Over the last months a lot of changes needed to be addressed. The script was intended to extract data from the IIS logs. With PowerShell in combination with LogParser it did a great job. But different versions of Exchange, changed infrastructure and multiple versions of Exchange ActiveSync protocol demanded an update to fulfill these needs.
The latest version focused on code improvement and added support for the new version of Exchange ActiveSync protocol v16.1 .
I am happy being part of the new Office 365 Engage conference in Haarlem from 19-22 June.
The number of European conference is increasing as the demand is there. Tony Redmond is taking care of the impressive collection of sessions, delivered by Microsoft MVPs like Michel de Rooij, Jaap Wesselius, Siegfried Jagott, Brian Reid, Paul Robichaux, Brian Desmond, Chris Goosen, Vasil Michev, Steve Goodman, Andrew Price and many more.
Don’t forget the pre-day workshops, which are really hands-on ones and close to daily business.
When you register, don’t forget the code SPRIG387 to get
10% 20% off.
I hope to see you there!
Currently I’m upgrading an Exchange 2013 environment to Exchange 2016. In general this upgrade runs very smoothly and is almost seemless for user. It’s a complete different story when you’re coming from Exchange 2010.
So far I got only positive feedback and no issue were reported. Until a bunch of shared mailbox have been migrated.
Users complained they cannot access these mailbox anymore. First I couldn’t reproduce the issue, until I got another important detail:
All these user are using Outlook for Mac and indeed I could reproduce the behavior.
In a previous post here, I wrote about a few basic commands, which are useful to quickly gather information about transport component of an Exchange server.
In this post I want to give you a deep dive about it and how you can explore what the CmdLet can do for you as it evolves in each Exchange version and can be very useful.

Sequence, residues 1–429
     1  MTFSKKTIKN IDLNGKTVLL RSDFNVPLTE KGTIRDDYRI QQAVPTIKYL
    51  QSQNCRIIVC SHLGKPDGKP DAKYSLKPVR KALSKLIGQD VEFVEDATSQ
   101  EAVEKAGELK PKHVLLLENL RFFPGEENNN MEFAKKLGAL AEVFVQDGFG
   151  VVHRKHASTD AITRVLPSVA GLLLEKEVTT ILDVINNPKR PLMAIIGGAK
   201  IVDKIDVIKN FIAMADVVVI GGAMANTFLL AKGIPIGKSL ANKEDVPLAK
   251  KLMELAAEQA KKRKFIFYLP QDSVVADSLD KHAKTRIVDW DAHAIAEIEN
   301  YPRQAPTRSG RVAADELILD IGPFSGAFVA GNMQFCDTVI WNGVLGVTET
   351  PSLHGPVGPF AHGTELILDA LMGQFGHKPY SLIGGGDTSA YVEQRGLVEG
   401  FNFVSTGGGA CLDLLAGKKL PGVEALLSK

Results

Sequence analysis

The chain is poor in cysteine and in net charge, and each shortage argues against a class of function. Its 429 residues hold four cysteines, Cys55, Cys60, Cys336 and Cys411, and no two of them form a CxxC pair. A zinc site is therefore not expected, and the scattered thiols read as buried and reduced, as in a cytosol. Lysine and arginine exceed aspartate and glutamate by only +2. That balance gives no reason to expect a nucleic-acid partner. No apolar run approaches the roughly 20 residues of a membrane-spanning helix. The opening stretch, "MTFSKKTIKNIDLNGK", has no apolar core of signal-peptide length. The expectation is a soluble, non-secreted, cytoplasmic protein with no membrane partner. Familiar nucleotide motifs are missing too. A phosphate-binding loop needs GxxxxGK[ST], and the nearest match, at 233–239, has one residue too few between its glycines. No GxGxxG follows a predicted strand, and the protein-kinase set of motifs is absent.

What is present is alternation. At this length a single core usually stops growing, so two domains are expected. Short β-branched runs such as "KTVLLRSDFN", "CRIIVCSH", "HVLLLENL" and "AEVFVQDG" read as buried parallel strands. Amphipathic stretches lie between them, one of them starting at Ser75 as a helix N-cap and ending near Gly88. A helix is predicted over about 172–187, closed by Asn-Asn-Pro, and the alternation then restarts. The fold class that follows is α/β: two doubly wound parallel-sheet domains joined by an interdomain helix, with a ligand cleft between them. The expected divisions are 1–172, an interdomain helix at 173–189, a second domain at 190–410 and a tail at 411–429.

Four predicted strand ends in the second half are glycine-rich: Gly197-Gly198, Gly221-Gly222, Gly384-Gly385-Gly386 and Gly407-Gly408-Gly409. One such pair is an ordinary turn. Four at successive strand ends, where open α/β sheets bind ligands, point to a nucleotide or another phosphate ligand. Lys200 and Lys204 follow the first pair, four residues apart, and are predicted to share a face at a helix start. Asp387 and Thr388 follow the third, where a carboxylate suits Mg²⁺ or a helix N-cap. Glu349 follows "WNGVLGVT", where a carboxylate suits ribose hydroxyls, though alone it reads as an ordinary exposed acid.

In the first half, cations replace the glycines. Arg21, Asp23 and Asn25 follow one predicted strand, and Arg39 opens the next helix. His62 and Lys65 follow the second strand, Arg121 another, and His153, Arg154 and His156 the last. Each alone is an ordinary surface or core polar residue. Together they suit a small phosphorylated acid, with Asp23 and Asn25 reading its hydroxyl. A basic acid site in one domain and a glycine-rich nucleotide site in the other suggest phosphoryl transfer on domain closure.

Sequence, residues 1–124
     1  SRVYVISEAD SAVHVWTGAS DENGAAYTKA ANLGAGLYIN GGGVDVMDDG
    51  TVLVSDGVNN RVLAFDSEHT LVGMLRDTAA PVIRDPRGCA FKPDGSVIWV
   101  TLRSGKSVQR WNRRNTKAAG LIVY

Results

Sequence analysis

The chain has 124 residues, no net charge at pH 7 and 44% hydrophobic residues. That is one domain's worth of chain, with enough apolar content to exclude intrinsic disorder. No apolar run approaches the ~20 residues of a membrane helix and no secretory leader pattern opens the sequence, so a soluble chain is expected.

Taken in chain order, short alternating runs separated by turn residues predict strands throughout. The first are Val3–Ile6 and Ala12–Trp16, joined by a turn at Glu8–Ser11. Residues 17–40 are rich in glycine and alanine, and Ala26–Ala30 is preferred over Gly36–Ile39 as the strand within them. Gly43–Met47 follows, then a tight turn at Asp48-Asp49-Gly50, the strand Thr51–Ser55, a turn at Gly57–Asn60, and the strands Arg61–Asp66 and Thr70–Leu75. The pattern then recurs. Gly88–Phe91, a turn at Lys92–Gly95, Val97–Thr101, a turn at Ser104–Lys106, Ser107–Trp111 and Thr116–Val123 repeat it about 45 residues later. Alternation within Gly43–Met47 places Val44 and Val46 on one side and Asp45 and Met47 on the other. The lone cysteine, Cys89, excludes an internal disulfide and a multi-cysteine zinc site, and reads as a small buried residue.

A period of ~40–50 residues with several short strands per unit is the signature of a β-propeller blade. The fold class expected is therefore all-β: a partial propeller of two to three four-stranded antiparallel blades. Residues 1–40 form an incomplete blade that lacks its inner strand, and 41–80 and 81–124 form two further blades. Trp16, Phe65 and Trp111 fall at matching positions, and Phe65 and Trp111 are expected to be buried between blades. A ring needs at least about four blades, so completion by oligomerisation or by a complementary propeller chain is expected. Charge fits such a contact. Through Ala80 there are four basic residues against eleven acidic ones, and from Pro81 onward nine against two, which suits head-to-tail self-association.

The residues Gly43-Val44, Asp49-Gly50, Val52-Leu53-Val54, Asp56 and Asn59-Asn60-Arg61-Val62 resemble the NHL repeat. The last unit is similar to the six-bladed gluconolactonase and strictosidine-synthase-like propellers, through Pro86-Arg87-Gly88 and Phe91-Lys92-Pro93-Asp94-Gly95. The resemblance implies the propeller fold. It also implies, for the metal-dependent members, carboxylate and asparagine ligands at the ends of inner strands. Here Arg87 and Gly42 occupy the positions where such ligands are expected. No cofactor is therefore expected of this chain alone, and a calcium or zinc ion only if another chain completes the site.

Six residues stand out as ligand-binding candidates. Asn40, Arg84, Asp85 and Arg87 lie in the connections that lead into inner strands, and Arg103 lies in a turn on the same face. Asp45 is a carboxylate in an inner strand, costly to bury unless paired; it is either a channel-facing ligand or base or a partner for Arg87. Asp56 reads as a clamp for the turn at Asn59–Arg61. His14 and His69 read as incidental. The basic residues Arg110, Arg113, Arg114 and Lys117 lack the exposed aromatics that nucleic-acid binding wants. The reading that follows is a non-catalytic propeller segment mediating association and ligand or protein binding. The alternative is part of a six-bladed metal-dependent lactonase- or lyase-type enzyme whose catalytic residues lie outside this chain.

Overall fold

In the past month I had to troubleshoot a lot of EAS related issues. This is always a complex process and you as an administrator have to collect a lot of data and provide them to your vendors. After providing these, you often feels like a ping-pong ball. Especially when multiple vendors are involved.
Based on two examples I want to explain, how I was able to proof some misbehaviour of EAS clients. Meanwhile both have been acknowledged by the vendor as a bug:
With iOS 10 this feature can trigger a meeting forward to multiple recipients using SmartForward command.
When a user marks an item read or unread, the flag does not get synced to the mailbox.
For troubleshooting I used the following tools:
Every now and then I hear complaints about Free/Busy information retrieval issues. There are a lot of reasons for such issues, but the interesting part by these issues is that accessing the shared Calendar is not a problem. Only when users set up a meeting and using the Scheduling Assistant, they suddenly see only the beloved hash marks:
Using OWA the user was able to retrieve Free/Busy information using Scheduling Assistant.
And this happens usual to VIPs like the CEO or CIO. So I started troubleshooting with highest priority and found an easy fix.
Lately I installed my first DAG with Exchange 2016 CU3 in productive environment. In the beginning it went really smoothly. But after all databases have been created, I realized that databases got bounced around the nodes and a lot of errors in the Event Log like these:
Log Name: Application
Date: 12/14/2016 9:53:07 AM
Event ID: 1001
Task Category: General
Microsoft Exchange Server Information Store has encountered an internal logic error. Internal error text is (ProcessId perf counter does not match actual process id.) with a call stack of ( at Microsoft.Exchange.Server.Storage.Common.ErrorHelper.AssertRetail(Boolean assertCondition, String message)
at Microsoft.Exchange.Server.Storage.Common.Globals.AssertRetail(Boolean assertCondition, String message)
The store worker processes kept constantly crashing.